The first 2.5 months of our European adventure were spent in cities (Porto, Toulouse, Paris, Hamburg and Berlin) but we have now moved to the countryside to get a taste of life in rural France. The move also required a change in transportation. In the cities, we either walked or we used public transportation but in rural France we need a car.
The plan was to rent a car in Lyon, after we arrived there by train from Berlin. However, our connecting train from Frankfurt to Lyon was cancelled, leaving us in a predicament. The only options to continue by train meant taking several trains and making numerous changes. Instead, we decided to rent a car from Frankfurt and drive over 700km to our overnight accommodation outside Lyon. It was a costly adjustment, but better than taking multiple trains to reach our destination.
The next day, we drove west, from the Rhone-Alpes region, across the Auvergne to the Limousin region of France to commence our first house-sitting assignment of the trip. We are taking care of a lovely cottage, two dogs and six chickens in a small hamlet, about 50 minutes south of Limoges.
Our cottage is surrounded by farmland, open fields, woodland and apple orchards. There are chestnut trees everywhere and, at this time of year, they are shedding their nuts. It’s a beautiful, peaceful location and is giving us a chance to re-connect with nature.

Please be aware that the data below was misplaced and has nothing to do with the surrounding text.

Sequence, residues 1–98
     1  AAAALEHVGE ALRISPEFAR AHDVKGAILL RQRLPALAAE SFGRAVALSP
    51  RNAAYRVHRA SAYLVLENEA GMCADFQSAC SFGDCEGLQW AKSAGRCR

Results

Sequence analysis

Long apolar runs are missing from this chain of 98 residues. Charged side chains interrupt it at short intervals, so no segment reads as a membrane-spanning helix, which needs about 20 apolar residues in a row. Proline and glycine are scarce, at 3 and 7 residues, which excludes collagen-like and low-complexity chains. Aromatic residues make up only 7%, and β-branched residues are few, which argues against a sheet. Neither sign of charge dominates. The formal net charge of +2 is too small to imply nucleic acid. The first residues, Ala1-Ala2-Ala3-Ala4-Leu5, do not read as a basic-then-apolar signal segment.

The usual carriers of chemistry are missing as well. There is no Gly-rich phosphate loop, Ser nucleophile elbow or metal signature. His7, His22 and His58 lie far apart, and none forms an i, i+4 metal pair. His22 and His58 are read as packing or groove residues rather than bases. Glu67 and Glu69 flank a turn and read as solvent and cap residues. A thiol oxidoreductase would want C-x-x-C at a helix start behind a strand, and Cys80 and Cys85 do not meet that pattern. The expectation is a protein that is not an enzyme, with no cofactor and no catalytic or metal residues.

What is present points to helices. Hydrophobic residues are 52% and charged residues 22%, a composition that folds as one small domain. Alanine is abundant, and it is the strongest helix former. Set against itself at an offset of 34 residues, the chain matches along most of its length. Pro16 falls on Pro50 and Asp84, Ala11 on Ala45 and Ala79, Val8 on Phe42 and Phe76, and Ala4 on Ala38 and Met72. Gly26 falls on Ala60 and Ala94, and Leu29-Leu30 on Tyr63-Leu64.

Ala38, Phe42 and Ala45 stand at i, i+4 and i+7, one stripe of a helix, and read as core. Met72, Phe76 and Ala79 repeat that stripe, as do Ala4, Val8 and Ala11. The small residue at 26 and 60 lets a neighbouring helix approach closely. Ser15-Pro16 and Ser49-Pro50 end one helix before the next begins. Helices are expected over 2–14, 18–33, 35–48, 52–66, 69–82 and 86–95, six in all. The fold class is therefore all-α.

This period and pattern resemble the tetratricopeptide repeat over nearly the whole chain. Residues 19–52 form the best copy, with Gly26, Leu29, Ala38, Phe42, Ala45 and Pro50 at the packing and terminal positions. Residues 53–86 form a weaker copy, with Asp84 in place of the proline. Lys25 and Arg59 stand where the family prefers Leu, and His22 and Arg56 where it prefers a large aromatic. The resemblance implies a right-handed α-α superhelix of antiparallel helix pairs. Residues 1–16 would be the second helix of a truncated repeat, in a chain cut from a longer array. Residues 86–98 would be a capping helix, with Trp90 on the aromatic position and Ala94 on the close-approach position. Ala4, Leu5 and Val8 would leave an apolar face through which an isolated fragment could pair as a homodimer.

You might think that country life is rather sedate but the dogs keep me busy, as they are exercised three times each day. The day starts early at 7.30am, when I let the chickens out into their pen and then take the dogs for a walk in the fields and orchards adjacent to the cottage. The grass is usually wet with dew and there’s often a low hanging mist, but it is a nice time to get out for a walk. On most mornings I see a deer or two in the orchard and sometimes the dogs flush pheasants from the cornfield.
The lunchtime walk is usually the longest of the day. We take the dogs out in the car, further afield and to different locations. It gives them more variety and it allows us to see more of the surrounding area. There’s an abundance of places where the dogs can run off-leash and some of them are very scenic. They love to run around exploring and, if there is water nearby, they’ll usually jump in at some point. It’s a great place to be a dog. However, it is currently hunting season so, depending on where we will be walking, the dogs may have to wear bells and hi-vis jackets for added safety.
About 5pm, we head into the field behind the house where the dogs run and retrieve balls until they’re tired. Then they get to relax with us in the living room. My final task is about 8pm, when I have to put the chickens away for the night.
It has been a long time since we had a dog of our own, so it is a real pleasure to get to hang out with these adorable characters. They are so lovable – and well behaved!
We have two weeks left at this house-sit and we have two more house-sits in the region during October and November, so we’ll be seeing a lot more of rural France in the weeks to come (with a couple of city visits squeezed in between house-sits).
The adventure continues!